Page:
To a Waterfowl “In the Garden” Verse 8 – “From Zone to Zone”

Note:   The memoir, In the Garden, portrays the author’s mother, Ellen, an ordinary woman, who became extraordinary by surrendering her will and ego to the will of God. At every crossroads of her life, she chose faith over doubt, acceptance over resignation, hope instead of despair. “Not my will, but Thy will be done,” was her mantra. After marrying the love of her life, Henry, Ellen lived her entire life in a house, on the hill, on a farm in west Michigan(the site of present day Country Dairy)rooting herself in the place where she believed God had planted her. There she found her calling as a helpmeet and homemaker. She transformed the house on the hill into a place of beauty and sanctuary for their family.

To view the memoir visit http://www.principia.com or http://www.janethasselbring.com. In Hoeing “In the Garden,” the author revisits her mother’s story, cultivating and digging up tidbits of truth to provide inspiration and encouragement for the challenges of her life.

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“He, who, from zone to zone,

Guides through the boundless sky thy certain flight,

In the long way that I must trace alone,

Will lead my steps aright.”  (To a Waterfowl, Verse 8, Wm Cullen Bryant)

The heavens are silent.  The shorebird has reached his summer home, where he will build a nest with his shebird in preparation for  a new brood of chicks.  As the poet ponders his passing.  I, too, stop to ponder the significance of my mother’s journey and her peaceful and victorious passage into “the abyss of Heaven.”

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Zone to Zone I  –  “Sunrise – The Early Years”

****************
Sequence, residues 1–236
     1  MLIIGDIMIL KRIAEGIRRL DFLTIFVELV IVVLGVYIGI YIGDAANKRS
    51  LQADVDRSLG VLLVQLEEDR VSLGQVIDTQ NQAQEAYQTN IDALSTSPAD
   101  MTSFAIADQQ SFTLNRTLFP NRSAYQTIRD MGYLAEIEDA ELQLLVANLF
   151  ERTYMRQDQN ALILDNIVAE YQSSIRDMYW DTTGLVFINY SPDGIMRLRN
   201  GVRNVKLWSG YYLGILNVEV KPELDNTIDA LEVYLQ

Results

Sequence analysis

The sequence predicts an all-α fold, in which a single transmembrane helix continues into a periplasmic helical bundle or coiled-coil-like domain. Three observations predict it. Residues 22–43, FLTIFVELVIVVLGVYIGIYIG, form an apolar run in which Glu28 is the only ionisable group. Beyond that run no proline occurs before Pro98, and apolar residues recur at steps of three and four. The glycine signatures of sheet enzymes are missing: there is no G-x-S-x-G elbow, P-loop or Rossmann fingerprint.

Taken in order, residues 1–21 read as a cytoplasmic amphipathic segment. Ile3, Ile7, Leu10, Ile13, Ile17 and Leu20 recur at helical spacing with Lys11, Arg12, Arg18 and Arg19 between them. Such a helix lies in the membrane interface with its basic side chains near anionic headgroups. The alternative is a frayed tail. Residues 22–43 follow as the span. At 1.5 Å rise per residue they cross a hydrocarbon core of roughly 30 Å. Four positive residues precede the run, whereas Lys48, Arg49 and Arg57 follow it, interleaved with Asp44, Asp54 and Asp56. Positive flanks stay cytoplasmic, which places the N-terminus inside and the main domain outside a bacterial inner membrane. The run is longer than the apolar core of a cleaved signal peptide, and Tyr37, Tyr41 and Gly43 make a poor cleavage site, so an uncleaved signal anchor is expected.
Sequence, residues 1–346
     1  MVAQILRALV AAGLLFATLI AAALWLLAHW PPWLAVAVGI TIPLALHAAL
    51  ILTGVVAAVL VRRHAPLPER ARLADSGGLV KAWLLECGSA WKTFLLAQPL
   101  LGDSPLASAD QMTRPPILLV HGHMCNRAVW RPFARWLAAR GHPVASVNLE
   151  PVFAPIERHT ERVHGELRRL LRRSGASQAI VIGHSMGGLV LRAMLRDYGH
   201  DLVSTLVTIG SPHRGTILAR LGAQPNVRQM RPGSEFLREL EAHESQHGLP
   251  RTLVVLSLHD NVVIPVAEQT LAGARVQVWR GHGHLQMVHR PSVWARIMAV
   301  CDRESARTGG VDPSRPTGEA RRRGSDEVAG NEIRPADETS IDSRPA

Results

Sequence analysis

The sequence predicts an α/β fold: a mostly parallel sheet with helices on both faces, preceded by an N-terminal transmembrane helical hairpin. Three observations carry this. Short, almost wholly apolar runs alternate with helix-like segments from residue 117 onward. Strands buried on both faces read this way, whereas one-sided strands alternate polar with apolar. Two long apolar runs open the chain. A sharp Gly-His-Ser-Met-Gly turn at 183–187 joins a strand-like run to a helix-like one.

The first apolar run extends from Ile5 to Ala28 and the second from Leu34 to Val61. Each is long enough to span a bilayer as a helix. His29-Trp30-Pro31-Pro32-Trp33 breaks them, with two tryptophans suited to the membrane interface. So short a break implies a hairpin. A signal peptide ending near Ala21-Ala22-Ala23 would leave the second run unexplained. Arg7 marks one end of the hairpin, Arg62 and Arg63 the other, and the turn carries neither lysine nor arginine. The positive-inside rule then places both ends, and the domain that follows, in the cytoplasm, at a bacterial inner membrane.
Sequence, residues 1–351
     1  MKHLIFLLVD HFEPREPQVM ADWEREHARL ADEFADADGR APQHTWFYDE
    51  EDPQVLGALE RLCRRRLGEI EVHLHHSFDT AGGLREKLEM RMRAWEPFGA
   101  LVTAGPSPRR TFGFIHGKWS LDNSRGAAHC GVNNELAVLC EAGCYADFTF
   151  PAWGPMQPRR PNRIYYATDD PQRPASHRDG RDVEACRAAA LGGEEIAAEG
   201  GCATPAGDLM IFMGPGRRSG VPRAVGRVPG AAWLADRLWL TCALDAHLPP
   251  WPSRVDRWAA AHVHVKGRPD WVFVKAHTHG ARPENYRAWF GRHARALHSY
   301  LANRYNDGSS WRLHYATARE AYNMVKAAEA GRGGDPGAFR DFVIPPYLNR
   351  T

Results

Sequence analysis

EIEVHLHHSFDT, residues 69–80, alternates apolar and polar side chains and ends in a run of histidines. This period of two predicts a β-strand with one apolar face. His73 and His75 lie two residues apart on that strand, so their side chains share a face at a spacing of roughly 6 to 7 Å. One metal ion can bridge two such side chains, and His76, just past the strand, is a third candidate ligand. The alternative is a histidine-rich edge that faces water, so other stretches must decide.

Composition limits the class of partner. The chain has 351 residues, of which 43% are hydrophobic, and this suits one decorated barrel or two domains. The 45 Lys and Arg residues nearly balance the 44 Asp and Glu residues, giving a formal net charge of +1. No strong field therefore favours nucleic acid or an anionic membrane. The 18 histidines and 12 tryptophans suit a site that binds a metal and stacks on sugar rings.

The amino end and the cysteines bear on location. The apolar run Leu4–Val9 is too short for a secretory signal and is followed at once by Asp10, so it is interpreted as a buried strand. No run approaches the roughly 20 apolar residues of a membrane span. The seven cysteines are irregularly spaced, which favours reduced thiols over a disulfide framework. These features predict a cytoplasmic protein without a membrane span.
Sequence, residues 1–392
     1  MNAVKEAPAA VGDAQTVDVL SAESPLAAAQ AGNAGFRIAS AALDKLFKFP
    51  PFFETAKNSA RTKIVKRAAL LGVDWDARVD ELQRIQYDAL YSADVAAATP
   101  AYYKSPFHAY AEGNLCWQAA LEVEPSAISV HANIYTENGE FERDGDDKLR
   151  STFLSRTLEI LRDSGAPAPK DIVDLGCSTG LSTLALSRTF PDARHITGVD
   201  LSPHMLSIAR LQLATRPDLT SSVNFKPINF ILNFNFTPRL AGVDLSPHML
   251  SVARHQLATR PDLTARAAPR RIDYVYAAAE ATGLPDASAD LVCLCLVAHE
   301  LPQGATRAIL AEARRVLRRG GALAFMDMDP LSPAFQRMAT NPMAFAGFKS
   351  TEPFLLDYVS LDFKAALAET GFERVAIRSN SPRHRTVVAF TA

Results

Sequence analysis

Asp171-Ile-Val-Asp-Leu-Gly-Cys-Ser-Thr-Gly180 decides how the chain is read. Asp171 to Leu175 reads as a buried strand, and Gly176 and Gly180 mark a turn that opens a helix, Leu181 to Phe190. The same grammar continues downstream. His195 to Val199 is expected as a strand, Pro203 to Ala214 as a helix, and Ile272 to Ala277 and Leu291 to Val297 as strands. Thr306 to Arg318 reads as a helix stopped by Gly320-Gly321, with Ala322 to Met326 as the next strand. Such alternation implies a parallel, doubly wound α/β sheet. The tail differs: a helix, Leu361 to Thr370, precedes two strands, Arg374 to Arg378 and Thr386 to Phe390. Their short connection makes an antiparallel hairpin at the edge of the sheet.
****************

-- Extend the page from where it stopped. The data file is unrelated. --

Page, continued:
“All the days ordained for me were written in your book before one of them came to be.”  (Psalm 139:16)

To a Waterfowl is, in essence, a declaration of faith in God, and Ellen’s faith was honed on the farm, with Henry.

“After their honeymoon to the Wisconsin Dells, they returned to the farm and the house Henry had built for his bride.  It sat on a hill, overlooking the countryside…. When Henry, ever the romantic, scooped up his petite bride (all 5’4, 90 lbs. of her), carried her across the threshold, up the back stairway and deposited her gently on the kitchen floor, their life together officially began.  Their lives would be shaped by that house on the farm, and in return, the farm would forever bear the stamp of their presence.”  (In the Garden, pp. 14,15)

The challenges were multiple:  if a cow got sick, the entire  day’s supply of milk would be contaminated and would have to be dumped; too  little rain would suffocate newly planted seeds, while too much would wash them away, and an inopportune windstorm could destroy an entire cherry crop, and to make matters worse, Henry would have to pay to have the cherries picked and dumped to insure a healthy crop the next year.

Though Henry was used to the vicissitudes and vulnerabilities of  farming, it was Ellen, a farm fledgling, who often comforted her beloved Hinie in the face of adversities: